Tuesday, November 22, 2005

New tapper

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Friday, November 11, 2005

Event

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Tuesday, November 08, 2005

Pop-rock: Capitalism’s continuum

First you hear the names, usually a catchy few words of nonsense. Maybe just “The Somethings”. Maybe just one meaningless word. Next come the awestruck reviews (and a big PR campaign) – “I came expecting another bunch of also-rans. I left awestruck. Rock’s baton has been passed on again.”
Then you hear them.
And you think – “s’alright”. More unadventurous white-boy rock. Stumble over the barricades.

Seeing the Arctic Monkeys crash in at no 1 convinced me that there’s no point in calling this recurring whiteboy beat music “retro” anymore. These bands, which do essentially the same things as the original 60s chiefs, will keep on coming. They will wear different clothes and make subtly different sounds (Slade and Mud’s glam appropriation; The Stranglers or the Jam’s in-your-face posturing, Madness’ ska hijacking, baggy’s rave beat), but keep on coming. Maybe pop’s great leap forward of 79-84 was generally an exception, but then JAMC made us look back, away from their logical blackhole, and The Smiths’ Marr made bold but classic strides. For new gangs of four wanting to get noticed, experimenting one’s way into the mainstream slowly died out. By 92, we had Britpop, by 94 Oasis. Blur are still with us but we already have clones like the Kaiser Chiefs. We also suffer Razorlight. That the Cold Simians’ noise is generically competent is neither here nor there. The Kinks’ sonic boom was much louder 31 years ago, and they also sang about the same stuff like clocking girls they fancy.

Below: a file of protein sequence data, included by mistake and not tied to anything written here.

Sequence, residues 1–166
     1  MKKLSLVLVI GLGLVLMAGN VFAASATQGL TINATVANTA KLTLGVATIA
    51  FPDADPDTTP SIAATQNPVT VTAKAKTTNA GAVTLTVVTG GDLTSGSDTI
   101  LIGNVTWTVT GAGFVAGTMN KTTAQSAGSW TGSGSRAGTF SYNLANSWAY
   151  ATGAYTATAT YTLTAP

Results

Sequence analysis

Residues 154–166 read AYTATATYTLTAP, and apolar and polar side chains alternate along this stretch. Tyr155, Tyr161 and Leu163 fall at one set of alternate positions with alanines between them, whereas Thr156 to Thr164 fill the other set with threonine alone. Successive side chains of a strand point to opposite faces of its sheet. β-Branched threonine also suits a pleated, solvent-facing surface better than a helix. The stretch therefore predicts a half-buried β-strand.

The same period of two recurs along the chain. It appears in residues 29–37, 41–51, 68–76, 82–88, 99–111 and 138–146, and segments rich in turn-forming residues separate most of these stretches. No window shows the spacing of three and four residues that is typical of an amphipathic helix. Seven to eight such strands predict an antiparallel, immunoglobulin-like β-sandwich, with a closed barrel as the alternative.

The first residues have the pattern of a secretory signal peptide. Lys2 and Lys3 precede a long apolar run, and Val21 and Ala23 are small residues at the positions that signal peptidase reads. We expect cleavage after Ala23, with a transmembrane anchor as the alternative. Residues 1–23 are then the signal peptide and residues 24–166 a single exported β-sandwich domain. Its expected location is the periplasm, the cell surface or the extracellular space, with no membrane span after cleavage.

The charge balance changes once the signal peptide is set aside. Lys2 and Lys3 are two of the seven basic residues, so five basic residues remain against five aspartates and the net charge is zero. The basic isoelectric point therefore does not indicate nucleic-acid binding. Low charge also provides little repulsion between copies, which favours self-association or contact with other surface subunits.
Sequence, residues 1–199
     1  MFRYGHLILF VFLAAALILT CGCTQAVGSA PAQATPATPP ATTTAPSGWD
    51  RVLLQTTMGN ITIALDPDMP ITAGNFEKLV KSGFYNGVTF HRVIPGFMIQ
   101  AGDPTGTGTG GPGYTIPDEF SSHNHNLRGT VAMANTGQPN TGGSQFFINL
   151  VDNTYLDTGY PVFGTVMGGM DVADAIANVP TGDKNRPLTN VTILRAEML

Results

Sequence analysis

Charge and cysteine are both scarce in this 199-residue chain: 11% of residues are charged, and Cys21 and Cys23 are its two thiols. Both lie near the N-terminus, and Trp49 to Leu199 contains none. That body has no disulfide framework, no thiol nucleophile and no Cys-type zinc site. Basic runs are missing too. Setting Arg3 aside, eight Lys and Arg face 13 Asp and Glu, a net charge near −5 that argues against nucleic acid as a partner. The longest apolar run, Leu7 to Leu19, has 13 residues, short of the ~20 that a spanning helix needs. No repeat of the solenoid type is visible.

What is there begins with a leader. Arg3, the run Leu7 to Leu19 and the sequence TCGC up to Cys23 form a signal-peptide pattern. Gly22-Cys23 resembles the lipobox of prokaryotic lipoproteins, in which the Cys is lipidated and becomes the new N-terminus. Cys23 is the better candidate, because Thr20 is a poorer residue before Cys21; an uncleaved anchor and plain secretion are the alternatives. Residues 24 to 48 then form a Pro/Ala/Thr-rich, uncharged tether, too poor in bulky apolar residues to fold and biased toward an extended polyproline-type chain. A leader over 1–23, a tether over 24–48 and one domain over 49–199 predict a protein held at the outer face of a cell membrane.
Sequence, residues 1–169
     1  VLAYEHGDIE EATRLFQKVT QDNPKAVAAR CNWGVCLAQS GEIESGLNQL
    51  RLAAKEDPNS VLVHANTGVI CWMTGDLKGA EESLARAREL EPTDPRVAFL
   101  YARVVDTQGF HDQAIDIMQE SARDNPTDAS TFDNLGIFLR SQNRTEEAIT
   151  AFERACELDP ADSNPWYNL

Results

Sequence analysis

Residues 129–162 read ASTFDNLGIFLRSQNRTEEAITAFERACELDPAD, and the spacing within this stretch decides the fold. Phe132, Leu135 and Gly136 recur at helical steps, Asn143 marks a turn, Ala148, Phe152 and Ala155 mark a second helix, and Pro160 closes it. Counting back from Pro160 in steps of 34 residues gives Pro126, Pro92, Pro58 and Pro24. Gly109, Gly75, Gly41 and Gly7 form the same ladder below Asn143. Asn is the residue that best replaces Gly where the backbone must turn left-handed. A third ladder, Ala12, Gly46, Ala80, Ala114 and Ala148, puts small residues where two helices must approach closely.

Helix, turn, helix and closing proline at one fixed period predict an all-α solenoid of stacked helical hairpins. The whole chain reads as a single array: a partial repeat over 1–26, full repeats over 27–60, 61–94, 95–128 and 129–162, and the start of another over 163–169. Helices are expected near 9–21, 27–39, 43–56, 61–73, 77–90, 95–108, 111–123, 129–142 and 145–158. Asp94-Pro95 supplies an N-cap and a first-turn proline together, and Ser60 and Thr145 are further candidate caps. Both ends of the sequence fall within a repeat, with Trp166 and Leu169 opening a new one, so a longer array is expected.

It isn’t retro, because present-day circumstances allow it to thrive. The infrastructure of the music business is geared up to support these “cool” bands. There are still sufficient just-adventurous-enough young boys and girls who dig this sound – despite genuine multicultural miscegenation and all this brilliant other music (sure, ethnic minority faces turn up on drums or ensnare the coolest guys – this music of consolidation is not openly exclusive or racist). On both sides of the pond, there are enough young musicians still embarking on a quest to divine the perfect riff, the most timeless three minutes.

The “indie disco” is alive and well, sucking in 16-30-year-olds as well as sibling sounds such as Franz Ferdinand and The Streets into its slipstream. Actually notice how no one even bothers calling this stuff “indie” now. Let alone that it isn’t made in that spirit, the indie labels are so entwined with the majors that a buyout or a distribution deal is only a meeting away.

Survived and forever revived, this is definitely not outsider music any more (despite the claims to tortured isolation of some of its current protagonists). Beer in hand, these spiky bursts of noise are the perfect way for the generation of new student-worker drones to experience brief oblivion within the confines of the mature capitalist system. Log in, slug out, have a laugh, recover, repeat. At some stage you should realise that the sound and the system that supports it are not enough.
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